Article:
While I still wouldn't call it my day job, the amount of video production that I perform for pay, profit, or trade has picked up steadily over the last few years, and the range is diverse. Somewhere on the various computers in my office are a bluegrass concert rendered to DVD and CD-Audio, a DVD of my wife's recent ballet performance, a mixed-content file produced to test streaming media codecs, a DVD compiling test results from EventDV's "Battle of the Software NLE" series (which concludes this month), and the start of two training DVDs.
What's interesting is how the type of project often dictates the tools I use to complete it. Often, I'll start a project on one program and then jump to another because I realize that it will save me time or allow me to produce a superior result, or both. The obvious lesson is that one editor or authoring program does not fit all projects. If your projects vary in terms of artistic and design complexity, you may find it worth investing in additional programs to improve efficiency or product quality. Here are the products that I use, and why—and when—I use them.
My default video editor is Premiere Pro 1.5, particularly for organizationally complex projects, like creating the test tape for the "Battle of the Software NLEs" series and compiling the results. I love Premiere's ability to organize bins and present multiple sequences in nested timelines. It also has wonderful precision tools and clear-cut layering paradigms.
Titling is both accessible and straightforward, more so than any other video editor in its class. Finally, the Adobe Media Encoder makes it easy to produce a video file in any and all required formats, which sounds simple enough but is a function that escapes most other NLEs.
What Premiere Pro doesn't have yet, though rumors abound, is multi-camera editing, and HDV support has been literally fuzzy. I also find Premiere's interface a touch antiseptic, which is wonderful for organization but doesn't get the creative juices flowing. For these reasons, when I'm doing longer or more artistic projects—especially those involving multiple cameras—I've defaulted to Pinnacle Liquid Edition.
Edition has a dark, icon-driven interface and a feeling of throbbing power that can handle anything you throw at it. When I'm producing side-by-side or 4x4 comparison videos from different sources, Edition 6 remains rock-steady and speedy, and it also handles color correction very well and does a great job with slow motion. On the first multicam project alone, it probably saved me more than ten hours of editing time, which more than justifies the $499 list price.
Edition has some gaps, however, particularly in titling, where Title Deko is one or two generations behind the titling tool in consumer sibling Studio. Edition's authoring capabilities are also very limited, which leaves the door open for other multicam-capable editors, and lately I've been editing with Final Cut Pro 5, which on a Dual G5 PowerMac with a 22" Cinema display is near editing heaven. I'm not totally sold on Final Cut; I find its interface almost deliberately obscure at times, and its titling utility, LiveType is overkill and inconvenient to access and use. Final Cut also can't edit HDV and DV video in the same timeline, which takes it out of contention for mixed-format projects.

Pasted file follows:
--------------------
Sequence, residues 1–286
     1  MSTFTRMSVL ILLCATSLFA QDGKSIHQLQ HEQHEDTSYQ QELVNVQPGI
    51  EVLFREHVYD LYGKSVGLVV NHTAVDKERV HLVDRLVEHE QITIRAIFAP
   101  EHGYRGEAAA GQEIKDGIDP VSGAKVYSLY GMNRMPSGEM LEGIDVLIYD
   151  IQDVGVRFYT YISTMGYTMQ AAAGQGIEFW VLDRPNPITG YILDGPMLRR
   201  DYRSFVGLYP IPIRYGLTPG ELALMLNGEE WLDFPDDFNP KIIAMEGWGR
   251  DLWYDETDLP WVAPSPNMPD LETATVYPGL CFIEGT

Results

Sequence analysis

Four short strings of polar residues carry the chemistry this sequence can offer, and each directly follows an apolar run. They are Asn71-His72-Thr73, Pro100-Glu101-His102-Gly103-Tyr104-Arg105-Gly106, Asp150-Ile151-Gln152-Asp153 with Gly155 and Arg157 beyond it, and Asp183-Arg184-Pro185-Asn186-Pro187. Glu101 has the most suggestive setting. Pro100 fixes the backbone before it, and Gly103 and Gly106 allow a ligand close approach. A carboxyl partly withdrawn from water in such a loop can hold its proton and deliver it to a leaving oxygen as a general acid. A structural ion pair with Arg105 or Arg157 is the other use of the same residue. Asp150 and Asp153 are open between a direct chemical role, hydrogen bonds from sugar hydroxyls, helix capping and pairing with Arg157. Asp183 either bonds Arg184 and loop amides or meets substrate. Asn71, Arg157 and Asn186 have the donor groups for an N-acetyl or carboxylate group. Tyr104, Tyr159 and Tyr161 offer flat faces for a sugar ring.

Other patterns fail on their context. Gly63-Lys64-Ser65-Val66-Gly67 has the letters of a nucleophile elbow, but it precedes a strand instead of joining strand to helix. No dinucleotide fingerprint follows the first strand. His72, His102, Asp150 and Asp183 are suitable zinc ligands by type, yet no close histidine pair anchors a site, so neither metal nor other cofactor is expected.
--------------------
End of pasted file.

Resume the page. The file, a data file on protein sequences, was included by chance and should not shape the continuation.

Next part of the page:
But it's nice to know that when it's time to author, I'll be working on my absolute favorite authoring platform, DVD Studio Pro. While the advantages of Final Cut Pro by itself probably don't justify the cost of new Mac hardware, when combined with DVD Studio Pro, the bundle gets pretty compelling. One key reason is that DVD Studio Pro has the best-looking templates this side of iDVD.
Menus account for the second impression customers have of my DVDs (first is packaging and labels), and DVD Studio Pro helps make that impression very favorable. DVD Studio Pro is the only prosumer authoring program with transitions, and its playlist feature is the most functional.
Interestingly, the PowerMac can easily log into any Windows computer on my LAN, and I can send files between my Mac and Windows computers all the time,. So if you're concerned about Mac/Windows workflow when adding DVD Studio Pro to your toolset, you shouldn't be. If you're in a position where you can purchase an additional computer and software, check out DVD Studio Pro before making your decision.
As with editing, I find that different authoring tools function better depending upon project complexity and nature. For example, when projects are administratively complex, like training or compilation DVDs, as opposed to artistic, like concert or wedding discs, I find DVD Studio Pro too complicated, with too many hidden nooks and crannies and functions. I used to default to Ulead's DVD Workshop for these types of projects, but migrated to Adobe Encore with version 1.5.
Most recently, I've become a convert to DVDit 6, primarily because of its straightforward operating paradigm and, through eDVD, the ability to enhance the playback experience on computers with high-definition video, PDF files, Web links, and other content. If you're not looking at eDVD yet, you definitely should be, either as an adjunct to your current authoring program or as part of DVDit. The $399 purchase price of DVDit Pro 6, which includes eDVD, makes it a no-brainer.
Jan Ozer (email@example.com, www.doceo.com) is a frequent contributor to industry magazines and Web sites on digital video-related topics and the author of DV 101: A Hands-On Guide for Business, Government & Educators, published by Peachpit Press.